Our Woodpecker Solutions
Based upon our inspection and your answers to the questions below, we will determine exactly what bird control method will rid you of your woodpecker problem and implement it quickly and efficiently. We use many different methods of bird control so that we can ensure you are getting exactly the type of control you need. Select the options below if you are interested in learning more about the control methods we use.
We think about what you need when developing a custom plan for your woodpecker problem. We take several factors into consideration, inlcuding:
How long has the bird problem been going on for?
How severe is the bird problem?
How much will it cost to resolve the bird problem?
How many birds are acceptable (threshold)?
What type of damage are the birds causing?
Are the birds creating a health issue?
Are there any liability issues due to the bird infestation?
Woodpecker Control Professionals
There are many different woodpecker control methods on the market to solve woodpecker problems around your home, trees or other structures. It is critical that you contact a woodpecker control and exclusion professional to ensure that the woodpecker problem is solved correctly and does not create additional pest or bird problems.
There are special birdhouses you can buy and lure the woodpecker away from your home or property and woodpeckers will use these bird houses as their home. You can lure the woodpecker away from your home by providing a better food source for them. In the areas where you want to lure the woodpeckers to, you can use jelly or meal worms to attract them to the new area where the woodpecker house is established. If you have a fallen tree in your yard you can place the new home near it and bait the tree so that they can nest in the spot you provided and still have an area where they can peck without damaging your property.
Woodpeckers and other animals have to find places to nest and hunt for food, as we cut down trees and build homes or businesses in the areas where they live and nest. We have to find a way to help make sure they can eat and nest but not destroy our homes and businesses. With a little thought and some work you can provide them an area where they can live and not damage your property.
Call Aviaway and have us check the holes to see if you have an insect infestation that is providing the birds a food source. Resolve the infestation and then plug the holes with wood putty or foam. But if it is in the spring time check the nest for eggs and hatch lings if they are there you will have to wait until they leave the nest to close the hole. This goes back to the killing of these birds as being illegal.
Once you have your area ready you can try adding the strips of aluminum, to chase them to the area that you want them to move to. By doing this you can help them by discouraging them from the side of your home and help them find the new space you have created.
Whatever method you choose remember animals and humans have to live in the same areas and we as the more intelligent species have to make sure that these animals survive as we remove their feeding and nesting grounds to build more homes and businesses. By providing the birds with a place to live and making sure that they don't destroy your home. You can still enjoy the site of these creatures and the rhythmic sounds of their pecking, as you sip your morning coffee or relax in your yard.
Please be aware that all species of woodpeckers are protected under the Federal Migratory Bird Treaty Act.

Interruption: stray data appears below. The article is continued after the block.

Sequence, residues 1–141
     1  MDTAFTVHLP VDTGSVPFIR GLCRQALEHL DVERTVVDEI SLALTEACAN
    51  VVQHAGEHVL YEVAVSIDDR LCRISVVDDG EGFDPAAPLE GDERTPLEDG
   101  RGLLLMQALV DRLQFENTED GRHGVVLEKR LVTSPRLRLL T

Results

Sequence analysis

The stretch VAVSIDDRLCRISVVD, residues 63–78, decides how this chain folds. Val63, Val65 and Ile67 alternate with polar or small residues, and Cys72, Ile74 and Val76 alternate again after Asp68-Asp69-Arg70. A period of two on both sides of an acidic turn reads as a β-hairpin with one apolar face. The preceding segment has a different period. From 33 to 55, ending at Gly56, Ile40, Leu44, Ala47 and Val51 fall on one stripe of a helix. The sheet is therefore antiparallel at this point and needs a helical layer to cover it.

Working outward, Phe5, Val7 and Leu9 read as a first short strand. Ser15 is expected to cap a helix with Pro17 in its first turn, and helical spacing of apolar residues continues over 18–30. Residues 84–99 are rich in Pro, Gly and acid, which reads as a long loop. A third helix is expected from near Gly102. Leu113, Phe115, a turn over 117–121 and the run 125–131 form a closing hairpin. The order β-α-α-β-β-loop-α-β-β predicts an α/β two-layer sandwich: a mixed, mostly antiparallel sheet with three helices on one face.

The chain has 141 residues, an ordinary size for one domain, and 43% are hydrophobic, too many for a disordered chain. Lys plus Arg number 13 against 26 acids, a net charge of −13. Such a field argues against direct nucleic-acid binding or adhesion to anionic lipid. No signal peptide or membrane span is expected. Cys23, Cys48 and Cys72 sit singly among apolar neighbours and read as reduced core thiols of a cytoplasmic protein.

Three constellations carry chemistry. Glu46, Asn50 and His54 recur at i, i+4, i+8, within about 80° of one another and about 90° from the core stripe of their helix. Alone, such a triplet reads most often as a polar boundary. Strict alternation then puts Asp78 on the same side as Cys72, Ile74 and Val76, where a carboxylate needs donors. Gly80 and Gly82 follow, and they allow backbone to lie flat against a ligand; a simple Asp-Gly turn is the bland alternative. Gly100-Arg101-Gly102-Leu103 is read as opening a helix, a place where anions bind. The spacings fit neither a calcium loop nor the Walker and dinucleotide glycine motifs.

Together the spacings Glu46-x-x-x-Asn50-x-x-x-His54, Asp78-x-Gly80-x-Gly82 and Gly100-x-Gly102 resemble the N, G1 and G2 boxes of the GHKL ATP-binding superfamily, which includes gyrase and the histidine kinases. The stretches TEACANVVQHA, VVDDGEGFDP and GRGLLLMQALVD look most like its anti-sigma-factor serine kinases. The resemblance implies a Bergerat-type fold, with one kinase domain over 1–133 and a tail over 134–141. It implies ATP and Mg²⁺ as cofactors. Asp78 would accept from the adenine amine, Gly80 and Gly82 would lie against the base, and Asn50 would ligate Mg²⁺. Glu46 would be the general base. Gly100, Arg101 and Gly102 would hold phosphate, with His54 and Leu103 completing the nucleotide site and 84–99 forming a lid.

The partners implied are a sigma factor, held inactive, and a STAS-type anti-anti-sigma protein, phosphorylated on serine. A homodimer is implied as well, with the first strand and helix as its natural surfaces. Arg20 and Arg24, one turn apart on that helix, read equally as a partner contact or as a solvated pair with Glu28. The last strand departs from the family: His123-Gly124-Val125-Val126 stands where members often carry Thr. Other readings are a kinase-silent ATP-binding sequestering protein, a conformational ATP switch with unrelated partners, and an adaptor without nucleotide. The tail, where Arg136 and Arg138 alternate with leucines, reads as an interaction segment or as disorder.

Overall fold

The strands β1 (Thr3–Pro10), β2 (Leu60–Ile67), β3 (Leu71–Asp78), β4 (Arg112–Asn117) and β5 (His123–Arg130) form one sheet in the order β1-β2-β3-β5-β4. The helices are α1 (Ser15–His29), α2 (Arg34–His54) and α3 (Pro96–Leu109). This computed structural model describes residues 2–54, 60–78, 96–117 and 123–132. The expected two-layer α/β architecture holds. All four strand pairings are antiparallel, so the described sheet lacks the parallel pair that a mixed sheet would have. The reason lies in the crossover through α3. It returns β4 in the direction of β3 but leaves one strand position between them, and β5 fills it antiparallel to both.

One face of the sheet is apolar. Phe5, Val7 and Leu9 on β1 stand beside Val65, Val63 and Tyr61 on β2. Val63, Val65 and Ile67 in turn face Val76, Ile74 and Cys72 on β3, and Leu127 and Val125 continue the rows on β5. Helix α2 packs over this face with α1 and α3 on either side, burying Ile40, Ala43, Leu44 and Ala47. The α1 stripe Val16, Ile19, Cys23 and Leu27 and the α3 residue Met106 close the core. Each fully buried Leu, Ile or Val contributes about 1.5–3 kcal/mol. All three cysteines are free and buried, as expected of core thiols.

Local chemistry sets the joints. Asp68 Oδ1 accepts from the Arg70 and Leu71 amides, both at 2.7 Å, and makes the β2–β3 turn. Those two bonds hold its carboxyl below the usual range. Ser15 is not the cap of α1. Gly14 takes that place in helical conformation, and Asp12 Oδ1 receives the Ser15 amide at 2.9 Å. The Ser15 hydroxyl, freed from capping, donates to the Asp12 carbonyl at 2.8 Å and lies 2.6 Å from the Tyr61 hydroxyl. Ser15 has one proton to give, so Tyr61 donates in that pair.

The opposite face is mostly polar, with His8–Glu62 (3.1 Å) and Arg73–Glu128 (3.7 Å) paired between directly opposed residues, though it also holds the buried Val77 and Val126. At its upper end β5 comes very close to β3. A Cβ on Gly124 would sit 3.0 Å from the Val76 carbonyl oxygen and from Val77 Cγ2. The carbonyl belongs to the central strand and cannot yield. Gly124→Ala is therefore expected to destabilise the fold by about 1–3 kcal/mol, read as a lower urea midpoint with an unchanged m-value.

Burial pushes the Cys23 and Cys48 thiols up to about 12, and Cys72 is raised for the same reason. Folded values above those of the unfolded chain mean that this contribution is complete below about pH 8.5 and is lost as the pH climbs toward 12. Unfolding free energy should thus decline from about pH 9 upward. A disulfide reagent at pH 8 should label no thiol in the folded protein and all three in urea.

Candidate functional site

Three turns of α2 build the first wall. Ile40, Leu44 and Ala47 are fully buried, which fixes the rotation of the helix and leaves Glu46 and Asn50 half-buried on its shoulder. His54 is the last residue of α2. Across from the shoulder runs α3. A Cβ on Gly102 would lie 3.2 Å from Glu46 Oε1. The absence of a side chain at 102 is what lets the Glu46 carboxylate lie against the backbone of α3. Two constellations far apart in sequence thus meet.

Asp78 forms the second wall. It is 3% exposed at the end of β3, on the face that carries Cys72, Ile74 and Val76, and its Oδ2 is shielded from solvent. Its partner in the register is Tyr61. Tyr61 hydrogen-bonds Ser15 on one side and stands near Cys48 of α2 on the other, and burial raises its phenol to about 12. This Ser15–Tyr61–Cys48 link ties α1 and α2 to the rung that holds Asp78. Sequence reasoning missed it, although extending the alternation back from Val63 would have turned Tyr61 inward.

Other methods to remedy Woodpecker damage to your property:
Special birdhouses for woodpeckers can be set up to deter the birds from pecking at another structure to make their own nesting place.
Some applications of protective sprays can deter woodpeckers from a certain area, but are not a long term solution
Aluminum or Plexiglass
Woodpecker holes in various buildings can be covered with aluminum or plexiglass, to prevent further damage to the area.
Food and Water Source Reduction
Food and water sources are the most common reasons for bird problems around a property, so elimination is an important step.
Woodpeckers are members of the Picidae family. Woodpeckers are found worldwide except in Australia, New Zealand, New Guinea, Madagascar, and the polar regions. There are about 200 woodpecker species, but only 23 are residents of the United States. Woodpeckers are divided into three subfamilies: Jynginae, Picinae, and Picumninae.
The largest woodpecker is the Imperial Woodpecker which is found in Mexico. The smallest woodpecker is the Brown Creeper which is located in North America. Woodpeckers have strong bills, which they use to peck wood. This is the behavior that often gives them a
downy woodpecker, hairy woodpecker
label of pest bird, as they don't stop at trees, and can peck holes in house siding, decks, garages, and any structure made of wood.
They also have specially adapted feet which help them cling to trees. Woodpeckers use their bills and tongues to catch insects. They also eat fruits and nuts. Woodpeckers are important for controlling insect populations. They also play an essential role in the ecosystems in which they live.
While these intelligent birds should be appreciated in their natural environment, oftentimes they explore beyond where they should and begin to cause problems for homeowners, farmers, and business owners alike. Many times it takes a wide variety of methods and plans to remove crows from unwanted areas, where they can damage crops, spread disease, and cause scores of problems to humans. They are a serious problem for airport areas and other businesses. They congregate in numbers from hundreds to thousands, dropping waste on everything in their path.
Woodpeckers have been a species since the late Oligocene era, from 26 million years ago to today. They have evolved several unique traits which help them survive. Their strong bills allow them to peck through wood to find insects. Their specially adapted feet help them cling to trees. They also have a thick layer of feathers on their heads which helps protect them from the blows they receive when pecking wood. This is necessary as woodpeckers can peck at wood up to 10,000 times a day.